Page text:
|In other words, the progressive income tax has had no effect at combatting income inequality. That probably explains why the academic literature remains divided as to whether progressive income taxes have any effect on income inequality.
While the progressive income tax hasn’t had an effect on income inequality, the expert academic literature is clear that a progressive income tax is far more harmful to the economy than a flat income tax.
Because progressive income taxes have such a negative effect on the economy, they tend to make everyone worse off. Even those who may see a tax cut suffer when the progressive tax leads to fewer jobs and decreased productivity because investment shrinks. The taxes cause incomes adjusted for the cost of living to decline, leaving everyone worse off than they would be under a flat tax system that raises just as much tax revenue.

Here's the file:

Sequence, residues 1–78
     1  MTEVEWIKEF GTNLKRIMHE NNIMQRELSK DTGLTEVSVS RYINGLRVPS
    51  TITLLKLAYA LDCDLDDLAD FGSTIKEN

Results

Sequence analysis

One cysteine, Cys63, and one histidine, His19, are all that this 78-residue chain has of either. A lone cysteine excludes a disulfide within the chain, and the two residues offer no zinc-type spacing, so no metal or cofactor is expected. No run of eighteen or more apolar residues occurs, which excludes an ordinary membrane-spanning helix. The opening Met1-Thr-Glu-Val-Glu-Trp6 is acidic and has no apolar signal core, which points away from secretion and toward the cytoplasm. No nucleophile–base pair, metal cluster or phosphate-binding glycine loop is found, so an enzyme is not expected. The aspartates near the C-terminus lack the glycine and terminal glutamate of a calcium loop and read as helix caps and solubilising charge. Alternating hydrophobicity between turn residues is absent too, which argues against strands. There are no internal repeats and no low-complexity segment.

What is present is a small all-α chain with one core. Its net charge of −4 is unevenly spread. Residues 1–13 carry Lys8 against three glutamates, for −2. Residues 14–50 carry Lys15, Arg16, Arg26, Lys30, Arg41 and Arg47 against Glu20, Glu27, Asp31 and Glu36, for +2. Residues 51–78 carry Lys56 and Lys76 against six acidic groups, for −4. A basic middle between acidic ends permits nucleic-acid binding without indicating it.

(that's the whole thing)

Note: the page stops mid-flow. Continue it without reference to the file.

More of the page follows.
The trade-off between equity and efficiency of progressive tax systems has received considerable attention among economists and tax experts. However, progressive taxation has failed to reduce the gap between the rich and the poor, while still distorting market activity.
The last state to introduce a progressive income tax was Connecticut. More than two decades later, inequality in states with a progressive income tax is still higher than in other states. In 2017, Connecticut was the state with the second-highest income inequality as measured by the Gini coefficient.
Evidence from Connecticut suggests the state experienced significant harms by switching from a flat income tax to a progressive income tax. In the years after adopting a progressive income tax, the poverty rate in Connecticut rose 47 percent. Meanwhile the poverty rate in other states fell by 10 percent. The progressive income tax accounted for 73 percent of that increase in the poverty rate.